The Commission to Inquire into Child Abuse has spent nine years looking into allegations from thousands of former pupils of state schools and orphanages, some which date back more than 60 years.
It is due on Wednesday while a second report looking into how sex abuse complaints were handled by the Catholic Church will be published by the commission in the summer.
It is thought that some 500 priests have been implicated in the abuse allegations.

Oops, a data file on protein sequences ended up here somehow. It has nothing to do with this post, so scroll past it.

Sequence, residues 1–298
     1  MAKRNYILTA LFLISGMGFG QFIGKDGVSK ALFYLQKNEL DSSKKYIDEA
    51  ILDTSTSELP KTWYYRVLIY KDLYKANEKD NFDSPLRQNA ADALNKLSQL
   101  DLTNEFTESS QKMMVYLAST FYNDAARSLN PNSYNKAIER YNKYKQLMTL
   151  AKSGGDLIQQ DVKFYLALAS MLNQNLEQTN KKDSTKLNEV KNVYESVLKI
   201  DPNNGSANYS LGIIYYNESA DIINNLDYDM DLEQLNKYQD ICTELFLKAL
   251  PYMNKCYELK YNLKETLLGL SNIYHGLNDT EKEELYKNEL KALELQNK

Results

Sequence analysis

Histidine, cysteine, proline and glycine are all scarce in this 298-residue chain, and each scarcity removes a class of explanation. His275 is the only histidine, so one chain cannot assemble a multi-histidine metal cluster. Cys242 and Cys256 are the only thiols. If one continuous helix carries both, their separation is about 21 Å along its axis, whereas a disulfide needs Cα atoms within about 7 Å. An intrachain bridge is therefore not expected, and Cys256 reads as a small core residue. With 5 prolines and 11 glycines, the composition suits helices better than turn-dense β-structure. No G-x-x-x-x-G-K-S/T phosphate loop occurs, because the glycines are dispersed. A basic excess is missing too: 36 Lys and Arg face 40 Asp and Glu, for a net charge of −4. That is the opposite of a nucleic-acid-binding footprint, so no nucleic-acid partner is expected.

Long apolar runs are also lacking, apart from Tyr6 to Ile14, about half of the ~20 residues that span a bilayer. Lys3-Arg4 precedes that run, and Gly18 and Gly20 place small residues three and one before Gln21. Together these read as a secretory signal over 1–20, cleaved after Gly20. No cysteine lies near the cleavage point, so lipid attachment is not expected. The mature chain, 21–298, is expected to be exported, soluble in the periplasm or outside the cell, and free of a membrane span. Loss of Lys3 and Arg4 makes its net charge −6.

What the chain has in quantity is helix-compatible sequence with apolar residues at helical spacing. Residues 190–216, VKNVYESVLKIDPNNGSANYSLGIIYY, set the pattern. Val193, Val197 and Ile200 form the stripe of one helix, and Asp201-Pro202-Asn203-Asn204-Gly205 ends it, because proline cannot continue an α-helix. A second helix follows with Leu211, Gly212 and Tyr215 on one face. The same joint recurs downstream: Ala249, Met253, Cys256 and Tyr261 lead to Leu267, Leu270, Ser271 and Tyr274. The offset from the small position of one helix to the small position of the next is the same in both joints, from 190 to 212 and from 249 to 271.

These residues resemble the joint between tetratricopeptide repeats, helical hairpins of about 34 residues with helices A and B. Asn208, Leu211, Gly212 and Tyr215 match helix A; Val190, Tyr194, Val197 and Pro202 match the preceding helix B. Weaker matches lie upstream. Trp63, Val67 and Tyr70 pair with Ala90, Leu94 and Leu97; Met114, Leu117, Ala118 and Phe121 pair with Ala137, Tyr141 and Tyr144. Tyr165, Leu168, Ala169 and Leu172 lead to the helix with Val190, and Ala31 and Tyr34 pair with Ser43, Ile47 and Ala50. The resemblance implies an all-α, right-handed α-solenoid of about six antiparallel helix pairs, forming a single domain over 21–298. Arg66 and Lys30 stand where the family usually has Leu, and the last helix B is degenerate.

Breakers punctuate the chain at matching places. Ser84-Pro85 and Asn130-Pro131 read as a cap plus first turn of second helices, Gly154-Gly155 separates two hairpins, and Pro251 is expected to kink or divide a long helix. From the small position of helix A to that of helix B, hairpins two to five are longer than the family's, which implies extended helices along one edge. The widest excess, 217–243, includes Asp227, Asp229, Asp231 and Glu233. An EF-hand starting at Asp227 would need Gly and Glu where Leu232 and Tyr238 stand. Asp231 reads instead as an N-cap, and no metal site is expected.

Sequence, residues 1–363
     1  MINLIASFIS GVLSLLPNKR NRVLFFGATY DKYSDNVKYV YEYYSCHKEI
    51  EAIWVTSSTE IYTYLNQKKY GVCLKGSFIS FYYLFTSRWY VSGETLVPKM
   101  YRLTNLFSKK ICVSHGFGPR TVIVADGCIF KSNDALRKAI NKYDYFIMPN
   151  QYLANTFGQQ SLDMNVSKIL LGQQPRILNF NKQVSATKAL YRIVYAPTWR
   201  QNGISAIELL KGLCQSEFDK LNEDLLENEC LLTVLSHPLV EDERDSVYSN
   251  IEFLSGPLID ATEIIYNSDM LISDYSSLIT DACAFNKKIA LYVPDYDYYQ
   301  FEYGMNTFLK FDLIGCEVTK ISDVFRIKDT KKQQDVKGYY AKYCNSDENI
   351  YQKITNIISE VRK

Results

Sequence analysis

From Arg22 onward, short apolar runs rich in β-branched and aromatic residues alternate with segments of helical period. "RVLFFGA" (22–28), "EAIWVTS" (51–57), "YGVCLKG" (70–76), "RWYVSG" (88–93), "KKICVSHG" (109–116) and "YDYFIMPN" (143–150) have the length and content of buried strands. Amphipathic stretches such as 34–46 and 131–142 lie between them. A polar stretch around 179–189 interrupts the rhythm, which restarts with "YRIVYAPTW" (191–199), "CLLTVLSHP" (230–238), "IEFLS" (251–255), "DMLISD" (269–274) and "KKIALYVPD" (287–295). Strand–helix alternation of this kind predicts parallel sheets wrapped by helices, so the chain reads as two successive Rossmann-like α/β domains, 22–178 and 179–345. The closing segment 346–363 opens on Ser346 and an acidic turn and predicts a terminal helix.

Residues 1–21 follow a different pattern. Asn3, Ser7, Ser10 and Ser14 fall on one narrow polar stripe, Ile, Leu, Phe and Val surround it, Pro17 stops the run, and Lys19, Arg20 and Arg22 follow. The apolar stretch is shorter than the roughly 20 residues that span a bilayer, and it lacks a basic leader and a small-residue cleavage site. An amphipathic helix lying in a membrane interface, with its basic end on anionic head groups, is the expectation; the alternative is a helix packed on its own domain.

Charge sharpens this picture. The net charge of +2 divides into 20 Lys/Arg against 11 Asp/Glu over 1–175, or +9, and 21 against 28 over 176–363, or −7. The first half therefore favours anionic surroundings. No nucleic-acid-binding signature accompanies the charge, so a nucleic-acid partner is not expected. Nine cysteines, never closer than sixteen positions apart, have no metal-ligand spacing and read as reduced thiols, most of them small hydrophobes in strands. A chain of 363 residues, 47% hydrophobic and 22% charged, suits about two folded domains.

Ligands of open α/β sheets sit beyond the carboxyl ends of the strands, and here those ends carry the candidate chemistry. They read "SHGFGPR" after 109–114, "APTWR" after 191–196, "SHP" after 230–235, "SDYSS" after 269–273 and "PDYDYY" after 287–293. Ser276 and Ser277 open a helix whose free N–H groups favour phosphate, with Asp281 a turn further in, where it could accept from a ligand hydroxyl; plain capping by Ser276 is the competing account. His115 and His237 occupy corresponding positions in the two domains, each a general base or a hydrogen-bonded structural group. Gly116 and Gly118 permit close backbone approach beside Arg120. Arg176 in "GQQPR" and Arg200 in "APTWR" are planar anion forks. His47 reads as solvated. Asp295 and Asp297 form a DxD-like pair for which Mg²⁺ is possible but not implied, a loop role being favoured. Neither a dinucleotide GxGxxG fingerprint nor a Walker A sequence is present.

Many thousands of children suffered at the hands of religious orders such as the Christian Brothers and Sisters of Mercy at industrial schools and orphanages. Most of the children were born outside wedlock or came from large impoverished families that could not afford to feed them.
The commission was founded in 2000 following a documentary for Irish television which claimed there was widespread sexual, physical and emotional abuse within Catholic institutions.
Mary Raffety, who produced the programme said the abuse suffered was "way off the scale" and "designed to break children".
At Easter, the Archbishop of Dublin, Diarmuid Martin, said the report would "shock us all".